Researcher

Dr Robert Ernest Nordon

My Expertise

Cell separation; bioreactor systems for cell therapies

Field of Research (FoR)

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Biography

Dr Robert Nordon is a Senior Lecturer with the Graduate School of Biomedical Engineering. His research interests include:    
1. Medical device development: Bioreactors for manufacture of stem-cell derived products
Scaling from lab to clinic will require more efficient methods to propagate stem cells, direct differentiation and utilise expensive culture components such as cytokines and adhesion molecules. At the present time there are no...view more

Dr Robert Nordon is a Senior Lecturer with the Graduate School of Biomedical Engineering. His research interests include:    
1. Medical device development: Bioreactors for manufacture of stem-cell derived products
Scaling from lab to clinic will require more efficient methods to propagate stem cells, direct differentiation and utilise expensive culture components such as cytokines and adhesion molecules. At the present time there are no cost-effective ways of producing transfusion products from blood stem cells. We have developed a bioreactor system with micro-channel (200 micron) architecture, to support high-density growth of haematopoietic cells (1-100 million cells/ml) in a low fluid shear environment. Future work will employ microfluidic manufacturing technology to develop microbioreactors for process optimisation. This is a multidisplinary program that draws on biomedical, electrical, mechanical and chemical engineering disciplines.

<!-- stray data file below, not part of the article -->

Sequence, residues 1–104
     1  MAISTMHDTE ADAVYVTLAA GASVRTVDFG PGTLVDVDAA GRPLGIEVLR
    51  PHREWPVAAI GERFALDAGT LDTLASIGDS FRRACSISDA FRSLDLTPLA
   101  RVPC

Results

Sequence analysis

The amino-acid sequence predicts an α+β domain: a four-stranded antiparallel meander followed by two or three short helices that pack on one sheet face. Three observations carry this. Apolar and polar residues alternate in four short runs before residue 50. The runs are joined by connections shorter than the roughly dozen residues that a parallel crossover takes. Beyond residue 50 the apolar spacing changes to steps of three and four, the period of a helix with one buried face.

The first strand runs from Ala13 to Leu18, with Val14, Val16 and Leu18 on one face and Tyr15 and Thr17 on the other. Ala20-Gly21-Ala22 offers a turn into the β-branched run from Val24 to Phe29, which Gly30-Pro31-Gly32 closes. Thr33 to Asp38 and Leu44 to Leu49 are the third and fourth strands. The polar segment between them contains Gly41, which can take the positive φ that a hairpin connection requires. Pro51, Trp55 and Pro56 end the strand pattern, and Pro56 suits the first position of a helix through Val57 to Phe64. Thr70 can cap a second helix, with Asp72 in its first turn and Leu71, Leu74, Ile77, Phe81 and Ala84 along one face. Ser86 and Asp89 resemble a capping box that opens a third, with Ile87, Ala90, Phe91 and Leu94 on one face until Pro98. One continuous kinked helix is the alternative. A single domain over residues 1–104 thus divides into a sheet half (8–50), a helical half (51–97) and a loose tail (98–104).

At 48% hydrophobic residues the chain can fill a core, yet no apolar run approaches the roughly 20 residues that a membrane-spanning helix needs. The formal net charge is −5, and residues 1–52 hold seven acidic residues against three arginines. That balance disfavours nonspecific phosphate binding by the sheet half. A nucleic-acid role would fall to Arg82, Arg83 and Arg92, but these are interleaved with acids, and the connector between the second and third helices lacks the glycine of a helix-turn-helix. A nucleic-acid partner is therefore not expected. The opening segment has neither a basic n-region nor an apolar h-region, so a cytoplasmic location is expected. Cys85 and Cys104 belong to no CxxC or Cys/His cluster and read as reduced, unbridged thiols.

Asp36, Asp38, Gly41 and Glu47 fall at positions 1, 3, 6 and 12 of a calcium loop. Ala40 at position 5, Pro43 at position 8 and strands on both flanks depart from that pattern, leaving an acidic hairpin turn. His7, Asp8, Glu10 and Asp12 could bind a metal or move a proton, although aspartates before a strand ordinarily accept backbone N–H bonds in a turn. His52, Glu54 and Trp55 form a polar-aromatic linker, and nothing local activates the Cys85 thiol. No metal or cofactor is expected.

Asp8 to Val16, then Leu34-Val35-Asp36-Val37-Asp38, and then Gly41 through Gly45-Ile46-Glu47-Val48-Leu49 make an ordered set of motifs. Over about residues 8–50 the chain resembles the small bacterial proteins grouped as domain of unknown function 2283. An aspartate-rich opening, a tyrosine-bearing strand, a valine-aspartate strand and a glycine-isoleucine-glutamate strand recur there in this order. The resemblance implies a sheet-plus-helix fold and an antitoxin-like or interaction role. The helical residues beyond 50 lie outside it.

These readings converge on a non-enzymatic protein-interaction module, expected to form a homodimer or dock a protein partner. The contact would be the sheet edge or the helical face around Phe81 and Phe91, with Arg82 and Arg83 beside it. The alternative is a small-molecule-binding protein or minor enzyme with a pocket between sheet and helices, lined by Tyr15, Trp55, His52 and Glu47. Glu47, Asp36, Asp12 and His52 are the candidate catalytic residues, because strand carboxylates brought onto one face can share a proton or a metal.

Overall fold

2. Organ on a chip: Simulating cell microenvironments using microfluidics
Blood is formed from haemogenic endothelium lining the doral aorta shortly after the embryo's heart starts to beat. We have developed a microfluidic devices to mimic this process, and study the effect of pulstatile shear stress on blood formation from pluripotent stem cells.

3. Single cell analysis by live cell imaging and RNA seq
We utilise 2D and 3D videomicroscopy to track cell fate in vitro. We have used light sheet microscopy to track tumour killing using CAR T cells, as well as statistical methods to quantify cell fate from single cell division pedigrees. We are applying single cell RNA sequencing to study cell heterogeneity, and to understand cell development using single cell gene expression signatures.

 

 

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Location

Samuels Building
UNSW Sydney NSW 2052
Australia

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Contact

+61 2 9385 0559
+61 2 9663 2108